public override void OnActionExecuted(ActionExecutedContext context)

{

if (context.Result is ObjectResult objectResult && objectResult.Value == null)

{

context.Result = new NotFoundResult();

}

}

}

public class NotFoundResultFilterAttribute : ResultFilterAttribute

{

public override void OnResultExecuting(ResultExecutingContext context)

{

if (context.Result is ObjectResult objectResult && objectResult.Value == null)

{

context.Result = new NotFoundResult();

}

}

}


Then it’s just a matter of registering it properly. Just like with any filter, you can do it on a controller level…

[Route("api/items")]

[ApiController]

[NotFoundResultFilter]

public class ItemsController : ControllerBase

{

//omitted for brevity

}


…action level…

[HttpGet("{id}")]

[NotFoundResultFilter]

public ActionResult<Item> GetById(int id)

{

var item = _repository.GetById(id);

return item;

}


… or globally:

public void ConfigureServices(IServiceCollection services)

{

{

});

}


As a more esoteric solution, it is also possible to run an action filter as part of the controller:

[Route("api/items")]

[ApiController]

[NotFoundResultFilter]

public class ValuesController : Controller

{

//omitted for brevity

public override void OnActionExecuted(ActionExecutedContext context)

{

if (context.Result is ObjectResult objectResult && objectResult.Value == null)

{

context.Result = new NotFoundResult();

}

}

}


Finally, you can also use the application model convention mechanism, to selectively apply the filter where it makes sense to you - using some predefined convention.

For example, instead of a sort of “brute force” global registration like we did before, where the filter really applies to everything, you can choose to use a global registration via a convention, that only “lights up” for controllers decorated with [ApiController] attribute (or any other convention that makes you happy).

Personally I find that approach the most elegant.

    public class NotFoundResultFilterConvention : IControllerModelConvention

{

public void Apply(ControllerModel controller)

{

if (IsApiController(controller))

{

}

}

private static bool IsApiController(ControllerModel controller)

{

{

return true;

}

}

}


And then the convention just needs to be registered:

public void ConfigureServices(IServiceCollection services)

{

{

});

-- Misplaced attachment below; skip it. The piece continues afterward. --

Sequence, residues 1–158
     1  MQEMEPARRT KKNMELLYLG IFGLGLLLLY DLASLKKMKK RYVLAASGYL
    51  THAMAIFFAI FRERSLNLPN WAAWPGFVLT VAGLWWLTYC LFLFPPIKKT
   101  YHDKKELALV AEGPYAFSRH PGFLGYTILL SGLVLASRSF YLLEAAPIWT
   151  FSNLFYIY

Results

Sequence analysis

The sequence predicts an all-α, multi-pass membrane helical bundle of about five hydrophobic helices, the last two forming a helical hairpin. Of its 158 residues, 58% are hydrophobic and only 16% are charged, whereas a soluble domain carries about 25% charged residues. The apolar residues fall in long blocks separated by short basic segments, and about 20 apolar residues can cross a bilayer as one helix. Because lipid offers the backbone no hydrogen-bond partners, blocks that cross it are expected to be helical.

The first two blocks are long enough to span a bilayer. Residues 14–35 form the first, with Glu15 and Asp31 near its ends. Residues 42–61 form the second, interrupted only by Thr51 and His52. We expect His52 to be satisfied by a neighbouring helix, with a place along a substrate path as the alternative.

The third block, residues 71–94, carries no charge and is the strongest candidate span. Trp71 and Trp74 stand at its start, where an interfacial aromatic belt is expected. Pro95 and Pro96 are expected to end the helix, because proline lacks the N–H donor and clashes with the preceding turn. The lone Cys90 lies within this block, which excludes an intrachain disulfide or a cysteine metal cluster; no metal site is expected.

}


### IAlwaysRunResultFilter 🔗

We are almost there, but our design still has one flaw. What if some piece of code short circuits an action response and sets an ObjectResult with a null on its own?

This is definitely possible, especially if you use various third party libraries or components as part of your execution pipeline. In those cases our filters - whether we used an action filter, or result filter, would not be executed. Or, in other words, they would run only if the controller/action execution was uninterrupted.

To demonstrate how this would work, let’s imagine a silly short circuiting controller.

public class ShortCircuitingFilterAttribute : ActionFilterAttribute

{

public override void OnActionExecuting(ActionExecutingContext context)

{

context.Result = new ObjectResult(null);

}

}


With such short circuiting filter in place as part of the pipeline, none of our previous configurations - whether it was a simple attribute annotations or the elaborate set up with application model convention would work anymore, and the 204 No Content would “leak through”.

To address that deficiency, ASP.NET Core 2.1 introduced a new feature (not really documented at the moment I think) called IAlwaysRunResultFilter. It allows you to register a result filter that will run regardless of whether the IActionResult produced as part of request handling was produced by action or short circuited by something else.

So, we can address the problem if we re-write our previous filter to IAlwaysRunResultFilter:

public class NotFoundAlwaysRunFilterAttribute : Attribute, IAlwaysRunResultFilter

{

public void OnResultExecuted(ResultExecutedContext context)

{

}

public void OnResultExecuting(ResultExecutingContext context)

{

if (context.Result is ObjectResult objectResult && objectResult.Value == null)

{

context.Result = new NotFoundResult();

}

}

}


Using that variant of result filter, instead of the earlier implementation - regardless of the registration method chosen (any of the previously mentioned would work, except the embedding inside of a controller cause it’s not an action filter) - will gives us 100% certainty the action result conversion code will run.